He was also shown a brochure, published in December 2016, which became notorious in the aftermath of the Grenfell Tower fire, which advised against using the PE product above 10m.
“As soon as the building is higher than firefighters’ ladders it has to be conceived with an incombustible material,” the document said. It advised against using even the FR cored panel at a height greater than 33m. Grenfell Tower was 67.3m tall.
It emerged today that this document was published shortly after Arconic developed the ability to manufacture a non-combustible, or ‘A2 rated’, product for the first time. Mr Meakins said he had not previously seen this version of the brochure.
He told the inquiry that he had been instructed to focus his efforts on selling the FR product following a sales meeting shortly after he joined the company in 2015. By this point, the sale of the products for Grenfell Tower had already completed.
Mr Meakins was followed by the opening of Claude Schmidt’s evidence. Mr Schmidt is president of Arconic’s French arm, AAP SAS, and is the only one of four witnesses based in Europe that has agreed to give evidence.
He began his testimony late in the day and was only asked a few questions before the inquiry adjourned, but confirmed that he reported to senior Arconic figures in the company’s US-based parent group and occasionally discussed technical matters with them.
He spoke through a translator and will continue giving evidence for the duration of this week.
The inquiry also learned today that Claude Wehrle, a senior member of Arconic’s technical team who was aware of the tests showing the danger of Reynobond PE, visited the Chalcots Estate in May 2017 due to an issue with the delamination of some of the panels.
He said in his witness statement that he had expressed surprise that so many tall buildings – there were five towers on the Chalcots clad in the material – were making use of ACM PE, but was told by senior figures at contractor Rydon that UK regulations permitted its use. Rydon was also the contractor for Grenfell Tower.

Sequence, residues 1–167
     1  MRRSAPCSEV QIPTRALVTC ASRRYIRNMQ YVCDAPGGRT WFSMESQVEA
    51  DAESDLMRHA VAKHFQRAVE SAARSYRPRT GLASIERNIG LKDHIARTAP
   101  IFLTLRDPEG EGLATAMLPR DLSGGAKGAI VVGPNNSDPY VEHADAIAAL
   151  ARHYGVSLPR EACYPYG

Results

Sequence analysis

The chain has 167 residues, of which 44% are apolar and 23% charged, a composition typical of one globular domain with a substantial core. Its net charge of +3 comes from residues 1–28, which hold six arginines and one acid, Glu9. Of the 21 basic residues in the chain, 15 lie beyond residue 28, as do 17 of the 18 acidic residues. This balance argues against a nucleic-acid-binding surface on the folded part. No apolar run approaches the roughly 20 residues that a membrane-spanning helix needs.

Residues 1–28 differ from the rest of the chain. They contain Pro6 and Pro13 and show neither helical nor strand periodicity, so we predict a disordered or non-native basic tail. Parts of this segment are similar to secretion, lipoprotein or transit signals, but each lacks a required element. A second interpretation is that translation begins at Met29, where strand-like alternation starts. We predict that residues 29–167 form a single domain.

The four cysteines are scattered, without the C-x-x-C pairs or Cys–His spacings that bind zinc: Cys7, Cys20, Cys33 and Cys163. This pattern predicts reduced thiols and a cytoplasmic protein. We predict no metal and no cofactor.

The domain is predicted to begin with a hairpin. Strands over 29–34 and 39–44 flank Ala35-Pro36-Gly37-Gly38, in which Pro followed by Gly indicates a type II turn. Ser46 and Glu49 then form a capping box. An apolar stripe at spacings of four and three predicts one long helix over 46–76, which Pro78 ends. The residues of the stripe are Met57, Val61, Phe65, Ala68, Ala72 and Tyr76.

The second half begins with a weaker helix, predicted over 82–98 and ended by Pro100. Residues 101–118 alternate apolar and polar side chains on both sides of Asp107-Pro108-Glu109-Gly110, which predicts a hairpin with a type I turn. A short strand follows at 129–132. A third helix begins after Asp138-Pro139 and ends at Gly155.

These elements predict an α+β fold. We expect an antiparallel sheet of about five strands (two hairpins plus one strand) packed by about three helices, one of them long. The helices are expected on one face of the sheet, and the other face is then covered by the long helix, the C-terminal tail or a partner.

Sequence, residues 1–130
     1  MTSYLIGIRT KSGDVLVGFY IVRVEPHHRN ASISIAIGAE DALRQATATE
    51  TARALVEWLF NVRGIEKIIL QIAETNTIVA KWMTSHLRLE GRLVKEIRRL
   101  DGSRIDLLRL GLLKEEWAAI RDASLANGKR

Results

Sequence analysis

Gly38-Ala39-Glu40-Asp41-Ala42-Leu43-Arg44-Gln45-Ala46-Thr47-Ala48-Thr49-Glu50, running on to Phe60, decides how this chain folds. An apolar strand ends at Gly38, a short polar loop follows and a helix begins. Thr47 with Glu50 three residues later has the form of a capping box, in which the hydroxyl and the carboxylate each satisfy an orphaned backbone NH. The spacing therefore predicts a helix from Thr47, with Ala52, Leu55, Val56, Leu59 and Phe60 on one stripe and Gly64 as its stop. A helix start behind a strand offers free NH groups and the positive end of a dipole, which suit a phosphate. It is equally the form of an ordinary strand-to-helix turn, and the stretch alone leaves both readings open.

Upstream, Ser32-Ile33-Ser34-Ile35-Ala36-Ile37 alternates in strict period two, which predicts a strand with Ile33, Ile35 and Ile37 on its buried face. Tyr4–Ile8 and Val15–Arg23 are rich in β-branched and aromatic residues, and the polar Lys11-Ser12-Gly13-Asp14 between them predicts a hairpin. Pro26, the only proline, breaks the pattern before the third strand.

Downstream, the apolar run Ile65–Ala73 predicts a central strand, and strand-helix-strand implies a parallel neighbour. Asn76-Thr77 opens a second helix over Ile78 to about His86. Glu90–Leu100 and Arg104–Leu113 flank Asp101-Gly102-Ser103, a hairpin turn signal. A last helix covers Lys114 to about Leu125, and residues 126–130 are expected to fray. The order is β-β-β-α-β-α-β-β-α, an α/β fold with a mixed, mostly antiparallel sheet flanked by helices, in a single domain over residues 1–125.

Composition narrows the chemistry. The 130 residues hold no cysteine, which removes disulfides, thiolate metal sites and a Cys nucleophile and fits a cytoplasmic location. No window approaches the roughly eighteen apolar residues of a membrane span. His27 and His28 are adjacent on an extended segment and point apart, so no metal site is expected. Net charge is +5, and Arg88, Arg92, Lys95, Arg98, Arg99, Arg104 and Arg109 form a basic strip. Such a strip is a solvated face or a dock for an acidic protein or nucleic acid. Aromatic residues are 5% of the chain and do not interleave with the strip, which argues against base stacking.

Mr Meakins, who also attended the visit, said he did not recall the exchange. Mr Wehrle is among the Arconic witnesses refusing to give evidence.
Earlier in the day, the inquiry was shown a long email exchange in which a customer of Arconic attempted to get answers over the fire safety credentials of Reynobond PE for a different building project.
Grahame Byrne, of Genius Facades, came back to Arconic multiple times after getting in contact in November 2015, expressing confusion over answers provided by the company’s then technical manager, Claude Wehrle.
In one answer, Mr Wehrle said only that “both Reynobond PE and Reynobond FR are well classified when tested for spread of flame” in accordance with British standards but that there was a “big difference” between the two products when tested with European standards.
Eventually, following a direct request for Mr Byrne, Mr Wehrle issued a letter stating that both Reynobond PE and FR were classified as Class 0 when tested in accordance with BS476 tests part six and seven.
But it added the two products “are very different in their behaviour when exposed to a flame”, and provided test results showing Reynobond PE only achieved Euroclass E, with FR achieving the much higher Euroclass B.
Mr Meakins agreed today that Genius Facades had to push “very hard” to get this information from Arconic.
He also told the inquiry it “should have been quite clearly put to [him] that these two products were completely different, and it wasn’t”.
The inquiry continues with further evidence from Mr Schmidt tomorrow.